7 February 2017

BBC Health Check on General Practice - RCGP Responds

As part of the BBC Health Check week, the BBC have published two stories about general practice. The first exploring public opinion on charging for missed GP appointments and the second looking at the standard 10-minute GP-patient consultation. Our responses:

On charging patients for missed GP appointments:

Professor Helen Stokes-Lampard, Chair of the Royal College of GPs, said: “When patients don’t turn up for booked appointments it can be incredibly frustrating, especially at a time when demand for appointments is so high and some patients are having to wait a month to see their GP.

“GP practices are doing a lot of work to avoid patients missing appointments, such as sending email and text message reminders, with positive effects – and we would urge all of our patients, if they can’t make an appointment, to let us know as soon as possible so that we can offer it to someone else.

“But charging patients when they miss appointments would involve significant overhaul of the administrative systems involved in general practice for very little monetary return as many people using services would be exempt from the charges. If a modest sum was charged, it would not be cost effective to set up – and if a more realistic figure was applied, it would disproportionately affect patients who are already struggling.

“In terms of introducing a charge to be able to see a GP within 24 hours – this would create a two-tier system of privatised general practice whereby those patients who can afford it get the care they need, when they need it, whilst those who can’t are pushed to the back of the queue to wait longer.

“This would not help with the shortage of clinical staff and would fundamentally change one of the founding principles of the NHS, that care is free at the point of need, and is not something that the RCGP would support.”

On GP-patient consultation times:

Professor Helen Stokes-Lampard, Chair of the Royal College of GPs, said: “We have an ageing population in the UK, which is a great success of our society as a whole, but as our patients grow older many are inevitably living with more than one long-term condition, making the standard GP-patient consultation increasingly inadequate.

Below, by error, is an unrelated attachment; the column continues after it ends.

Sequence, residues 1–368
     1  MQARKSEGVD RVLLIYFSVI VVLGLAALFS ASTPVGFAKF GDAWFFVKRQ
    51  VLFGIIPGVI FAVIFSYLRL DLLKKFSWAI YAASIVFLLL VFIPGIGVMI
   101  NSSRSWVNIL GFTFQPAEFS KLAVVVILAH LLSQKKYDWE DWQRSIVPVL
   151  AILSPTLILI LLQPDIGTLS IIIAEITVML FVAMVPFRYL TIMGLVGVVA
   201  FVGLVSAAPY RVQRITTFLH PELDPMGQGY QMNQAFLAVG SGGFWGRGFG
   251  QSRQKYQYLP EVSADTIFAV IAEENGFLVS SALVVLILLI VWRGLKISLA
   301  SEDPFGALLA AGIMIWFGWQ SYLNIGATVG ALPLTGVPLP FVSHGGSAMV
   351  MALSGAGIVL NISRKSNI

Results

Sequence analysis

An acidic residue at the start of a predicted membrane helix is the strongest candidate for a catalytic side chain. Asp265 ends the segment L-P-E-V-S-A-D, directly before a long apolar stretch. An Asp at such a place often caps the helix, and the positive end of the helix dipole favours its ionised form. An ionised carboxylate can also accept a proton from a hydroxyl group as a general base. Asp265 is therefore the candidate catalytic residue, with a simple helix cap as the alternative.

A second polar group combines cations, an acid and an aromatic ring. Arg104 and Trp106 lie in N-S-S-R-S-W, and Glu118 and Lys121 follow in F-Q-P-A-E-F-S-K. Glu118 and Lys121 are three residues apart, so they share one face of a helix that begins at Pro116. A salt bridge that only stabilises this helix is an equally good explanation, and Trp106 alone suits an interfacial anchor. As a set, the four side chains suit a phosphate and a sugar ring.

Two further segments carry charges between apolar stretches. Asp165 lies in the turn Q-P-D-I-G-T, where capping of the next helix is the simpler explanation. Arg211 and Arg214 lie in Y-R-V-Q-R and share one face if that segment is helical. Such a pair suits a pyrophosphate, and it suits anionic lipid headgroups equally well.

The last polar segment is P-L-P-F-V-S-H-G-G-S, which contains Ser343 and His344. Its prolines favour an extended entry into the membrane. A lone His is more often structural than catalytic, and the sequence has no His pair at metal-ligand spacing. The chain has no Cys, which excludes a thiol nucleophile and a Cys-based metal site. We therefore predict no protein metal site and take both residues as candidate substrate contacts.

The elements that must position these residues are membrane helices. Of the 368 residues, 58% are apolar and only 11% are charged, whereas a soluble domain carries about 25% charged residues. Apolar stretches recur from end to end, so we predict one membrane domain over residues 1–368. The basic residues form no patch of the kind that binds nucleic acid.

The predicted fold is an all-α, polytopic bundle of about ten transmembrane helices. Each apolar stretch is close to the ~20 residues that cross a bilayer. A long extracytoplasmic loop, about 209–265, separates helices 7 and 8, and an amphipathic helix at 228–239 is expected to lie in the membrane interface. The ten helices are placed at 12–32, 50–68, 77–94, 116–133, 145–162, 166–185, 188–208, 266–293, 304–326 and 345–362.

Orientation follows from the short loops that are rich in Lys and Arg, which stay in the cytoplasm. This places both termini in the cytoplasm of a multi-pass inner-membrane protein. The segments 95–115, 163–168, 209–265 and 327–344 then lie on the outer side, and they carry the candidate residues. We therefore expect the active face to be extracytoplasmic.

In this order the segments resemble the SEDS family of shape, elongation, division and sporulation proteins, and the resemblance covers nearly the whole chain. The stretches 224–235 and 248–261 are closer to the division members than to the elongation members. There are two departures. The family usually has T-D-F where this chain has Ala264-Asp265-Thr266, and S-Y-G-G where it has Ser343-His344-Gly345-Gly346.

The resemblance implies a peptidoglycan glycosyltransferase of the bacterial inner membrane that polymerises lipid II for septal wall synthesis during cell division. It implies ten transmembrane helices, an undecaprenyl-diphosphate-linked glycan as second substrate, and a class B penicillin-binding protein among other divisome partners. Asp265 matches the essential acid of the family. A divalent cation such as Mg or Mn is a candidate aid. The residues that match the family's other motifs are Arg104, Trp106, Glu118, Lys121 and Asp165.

“GPs want to spend more time with our patients. We want the time to talk through all the different things that might be making a patient ill, and come up with a solid treatment plan in the best interests of their long term health – that’s what GPs do. But with so many patients living with multiple conditions, affecting both physical and mental health, this simply isn’t possible in 10 minutes.

“If we were able to offer longer patient consultations as standard, the current pressures facing general practice would make this incredibly difficult to fit in. Demand for our services has risen exponentially over the last few years, with recent research showing a 15% rise in patient consultations since 2010, but the number of GPs has not risen in step. Longer consultation times for some would mean fewer consultations on offer overall.

“In England, the GP Forward View offers a lifeline for our profession with promises of £2.4bn more a year for general practice and 5,000 more GPs by 2020. These pledges need to be implemented as a matter of urgency, and we need to see similar promises in Scotland, Wales and Northern Ireland.

“But as it stands in England, there are two Sustainability and Transformation Plans that actually propose reducing the GP workforce, there are five that don’t mention the GP Forward View at all – and there are many others where the plans for general practice are vague at best. This is against all common sense – the future of our health service relies on high quality, robust general practice to underpin the rest of the NHS and provide care efficiently in the community.

“We need more GPs, more practice staff and more resources for general practice right across the UK so that we can offer our patients more appointments, and longer appointments to those who need them.”

Further Information

RCGP Press office: 020 3188 7574/7575/7633
Out of hours: 0203 188 7659


The Royal College of General Practitioners is a network of more than 50,000 family doctors working to improve care for patients. We work to encourage and maintain the highest standards of general medical practice and act as the voice of GPs on education, training, research and clinical standards.